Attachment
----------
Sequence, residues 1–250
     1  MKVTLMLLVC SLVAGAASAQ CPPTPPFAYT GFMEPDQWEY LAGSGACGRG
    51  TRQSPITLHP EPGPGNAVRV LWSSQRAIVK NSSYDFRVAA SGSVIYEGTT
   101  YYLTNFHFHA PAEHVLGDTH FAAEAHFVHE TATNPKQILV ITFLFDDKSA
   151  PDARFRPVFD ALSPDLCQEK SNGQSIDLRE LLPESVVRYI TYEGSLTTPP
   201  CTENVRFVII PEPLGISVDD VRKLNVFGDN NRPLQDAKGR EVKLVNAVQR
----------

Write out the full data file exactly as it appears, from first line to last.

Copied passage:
Sequence, residues 1–250
     1  MKVTLMLLVC SLVAGAASAQ CPPTPPFAYT GFMEPDQWEY LAGSGACGRG
    51  TRQSPITLHP EPGPGNAVRV LWSSQRAIVK NSSYDFRVAA SGSVIYEGTT
   101  YYLTNFHFHA PAEHVLGDTH FAAEAHFVHE TATNPKQILV ITFLFDDKSA
   151  PDARFRPVFD ALSPDLCQEK SNGQSIDLRE LLPESVVRYI TYEGSLTTPP
   201  CTENVRFVII PEPLGISVDD VRKLNVFGDN NRPLQDAKGR EVKLVNAVQR